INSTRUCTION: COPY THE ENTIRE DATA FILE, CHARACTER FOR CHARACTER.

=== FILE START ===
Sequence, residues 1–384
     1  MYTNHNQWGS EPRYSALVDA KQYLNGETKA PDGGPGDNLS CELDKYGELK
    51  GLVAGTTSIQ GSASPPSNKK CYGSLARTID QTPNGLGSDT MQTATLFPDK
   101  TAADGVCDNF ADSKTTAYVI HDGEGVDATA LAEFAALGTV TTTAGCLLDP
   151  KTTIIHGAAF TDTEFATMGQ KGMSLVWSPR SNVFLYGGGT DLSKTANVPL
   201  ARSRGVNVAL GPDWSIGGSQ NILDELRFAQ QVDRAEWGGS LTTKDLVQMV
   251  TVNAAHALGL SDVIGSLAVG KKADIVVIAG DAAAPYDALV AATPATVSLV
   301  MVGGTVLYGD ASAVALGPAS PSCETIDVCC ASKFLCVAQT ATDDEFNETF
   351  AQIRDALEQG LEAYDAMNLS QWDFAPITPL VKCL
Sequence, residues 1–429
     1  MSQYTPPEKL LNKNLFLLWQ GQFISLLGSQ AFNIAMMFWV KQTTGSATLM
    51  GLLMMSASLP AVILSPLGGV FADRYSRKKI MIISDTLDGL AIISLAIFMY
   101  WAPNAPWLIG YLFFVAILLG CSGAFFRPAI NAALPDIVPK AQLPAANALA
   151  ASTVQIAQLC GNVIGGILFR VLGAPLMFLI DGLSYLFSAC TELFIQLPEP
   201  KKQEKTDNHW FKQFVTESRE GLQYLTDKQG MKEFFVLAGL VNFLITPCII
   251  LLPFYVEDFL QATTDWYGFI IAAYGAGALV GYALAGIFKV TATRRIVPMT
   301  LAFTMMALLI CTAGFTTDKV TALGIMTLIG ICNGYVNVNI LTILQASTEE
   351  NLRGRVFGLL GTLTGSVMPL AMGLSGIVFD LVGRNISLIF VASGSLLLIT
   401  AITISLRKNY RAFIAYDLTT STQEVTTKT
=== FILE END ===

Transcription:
Sequence, residues 1–384
     1  MYTNHNQWGS EPRYSALVDA KQYLNGETKA PDGGPGDNLS CELDKYGELK
    51  GLVAGTTSIQ GSASPPSNKK CYGSLARTID QTPNGLGSDT MQTATLFPDK
   101  TAADGVCDNF ADSKTTAYVI HDGEGVDATA LAEFAALGTV TTTAGCLLDP
   151  KTTIIHGAAF TDTEFATMGQ KGMSLVWSPR SNVFLYGGGT DLSKTANVPL
   201  ARSRGVNVAL GPDWSIGGSQ NILDELRFAQ QVDRAEWGGS LTTKDLVQMV
   251  TVNAAHALGL SDVIGSLAVG KKADIVVIAG DAAAPYDALV AATPATVSLV
   301  MVGGTVLYGD ASAVALGPAS PSCETIDVCC ASKFLCVAQT ATDDEFNETF
   351  AQIRDALEQG LEAYDAMNLS QWDFAPITPL VKCL
Sequence, residues 1–429
     1  MSQYTPPEKL LNKNLFLLWQ GQFISLLGSQ AFNIAMMFWV KQTTGSATLM
    51  GLLMMSASLP AVILSPLGGV FADRYSRKKI MIISDTLDGL AIISLAIFMY
   101  WAPNAPWLIG YLFFVAILLG CSGAFFRPAI NAALPDIVPK AQLPAANALA
   151  ASTVQIAQLC GNVIGGILFR VLGAPLMFLI DGLSYLFSAC TELFIQLPEP
   201  KKQEKTDNHW FKQFVTESRE GLQYLTDKQG MKEFFVLAGL VNFLITPCII
   251  LLPFYVEDFL QATTDWYGFI IAAYGAGALV GYALAGIFKV TATRRIVPMT
   301  LAFTMMALLI CTAGFTTDKV TALGIMTLIG ICNGYVNVNI LTILQASTEE
   351  NLRGRVFGLL GTLTGSVMPL AMGLSGIVFD LVGRNISLIF VASGSLLLIT
   401  AITISLRKNY RAFIAYDLTT STQEVTTKT